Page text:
Unfortunately I was able to see it only from the outside, but I would love to visit it! Dedicated to Eugenio di Beauharnais (viceroy of Italy and stepson of Napoleon), this is where many of the bells and castings of Milan and all of Lombardy were produced , as well as the monumental bronze statue of Vittorio Emanuele II which today stands out in Piazza del Duomo. Remained in the hands of the Barigozzi family for over a century, today the Foundry is home to a museum and a location for exhibitions, installations and events.
Random curiosity about Isola
-The Mojazza Cemetery
In an area of the Isola district, once stood the cemetery known as the “Mojazza” , due to its permanently muddy ground. It is difficult to think so now, but many illustrious people , such as Parini or Beccaria, were buried in this cemetery . In 1895 the (wonderful) Monumental Cemetery was opened and therefore many of these tombs were moved there, although many others were miserably lost in the course of the move. Today, of that cemetery only two rusty columns remain on a sidewalk, but also the tombstone of the tomb of Giuseppe Parini . Not in some square or who knows what solemn place, but… in the inner courtyard of a popular condominium, where a piece of the wall of the ancient cemetery has survived!
-Barbieri and the Ligera
The Isola neighborhood was a working-class and poor neighborhood, and it is perhaps for this reason that a certain underworld began to wind its way in the post-war years. You know the “Ligera” , that is the Milanese underworld also sung by some Italian artists (like Jannacci or Gaber)? Here, it seems that the island was the main seat. One of the greatest exponents of this evil was Ezio Barbieri, a sort of modern Robin Hood: aboard his car with license plate 777 (which, at the time, was the number to call the police), he robbed passers-by or robbed banks in a quite spectacular way, and then redistributed the wealth among the inhabitants of the neighborhood. He was captured and escaped many times, until his final arrest in San Vittore in 1946. Today, Barbieri is still alive and seems to be a merchant somewhere in Sicily. Read here and here for more in-depth info, the story is fascinating!
-The Lilac Islands
Going back to the present day, one thing that struck me about this neighborhood is the cohesion between the inhabitants , the feeling of being in a country where people really care about the place they live in. In addition to the many social and cultural associations, there are several websites and blogs that talk about the island and, in addition, wandering through its streets, you will easily find maps of the neighborhood with the most interesting points to visit. These maps are mainly found in the Lilac Islands, the “street lounges” , or wooden huts all colored in lilac (the color of the neighborhood and of the new metro line), where you can also leave your bike or rest for a while, perhaps by charging the mobile phone with the appropriate USB ports.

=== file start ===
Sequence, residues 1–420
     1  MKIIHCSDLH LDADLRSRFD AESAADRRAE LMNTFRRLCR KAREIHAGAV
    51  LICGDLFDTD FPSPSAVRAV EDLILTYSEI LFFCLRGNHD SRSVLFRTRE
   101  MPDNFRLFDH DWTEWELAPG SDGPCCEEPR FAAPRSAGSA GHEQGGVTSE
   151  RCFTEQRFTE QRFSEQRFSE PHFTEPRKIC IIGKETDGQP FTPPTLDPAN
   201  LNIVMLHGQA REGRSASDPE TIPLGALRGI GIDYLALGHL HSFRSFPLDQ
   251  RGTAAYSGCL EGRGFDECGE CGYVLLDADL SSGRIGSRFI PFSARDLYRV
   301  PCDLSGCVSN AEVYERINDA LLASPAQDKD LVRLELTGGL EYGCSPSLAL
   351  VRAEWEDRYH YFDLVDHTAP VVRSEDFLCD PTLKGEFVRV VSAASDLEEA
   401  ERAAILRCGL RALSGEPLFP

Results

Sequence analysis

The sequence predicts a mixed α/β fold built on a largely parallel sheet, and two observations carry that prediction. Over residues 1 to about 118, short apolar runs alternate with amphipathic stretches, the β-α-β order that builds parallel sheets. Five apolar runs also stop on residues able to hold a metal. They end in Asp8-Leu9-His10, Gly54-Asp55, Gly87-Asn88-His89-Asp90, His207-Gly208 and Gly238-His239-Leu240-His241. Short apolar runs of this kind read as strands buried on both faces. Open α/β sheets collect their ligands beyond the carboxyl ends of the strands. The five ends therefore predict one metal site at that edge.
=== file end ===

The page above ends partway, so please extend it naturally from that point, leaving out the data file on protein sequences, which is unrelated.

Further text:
It is a new urban furniture making part of the “Island and its squares” project , aimed at improving the quality of life in the neighborhood, and I found it a very simple and almost banal idea, but… it works! ! I like.
– Church of Santa Maria alla Fontana : Piazza Santa Maria alla Fontana 11.
– Napoleonic Eugenia Foundry : Via Thaon di Revel 21.
– Parini’s tombstone : Piazzale Lagosta 1.
How to get to the Isola district :
– Subway : Garibaldi or Gioia stops (green line M2), Zara stop (yellow line M3), Isola and Zara stops (lilac line M5).
– Train : get off at Garibaldi SF station. Lines: S1, S2, S5, S6, S7, S8, S11, S13, S14.
– Bus : lines 60, 70.
– Tram : lines 2, 7, 33.
– Where to eat : during the blog tour we stopped for lunch in the Pizzeria alla Fontana (via Thaon di Revel 28), a historic place in the neighborhood, where you can taste pizza by the slice and simple dishes in a welcoming and informal setting.
On another occasion, again for lunch, I ate a very good polenta accompanied by different ingredients from 30Polenta , (floor -1 of Piazza Gae Aulenti). A really simple and well-kept place, we like it.
Finally, the Testina Restaurant (via Abbadesse 19) is rapidly climbing the ranking of my favorite restaurants in Milan: informal but very nice place, very kind staff, traditional and delicious dishes. But really good, that if I think about it now I am hungry!
– More information : I suggest you take a look at the websites dedicated to the neighborhood, where you can find lots of information (including practical ones), news and events, as well as beautiful photo galleries.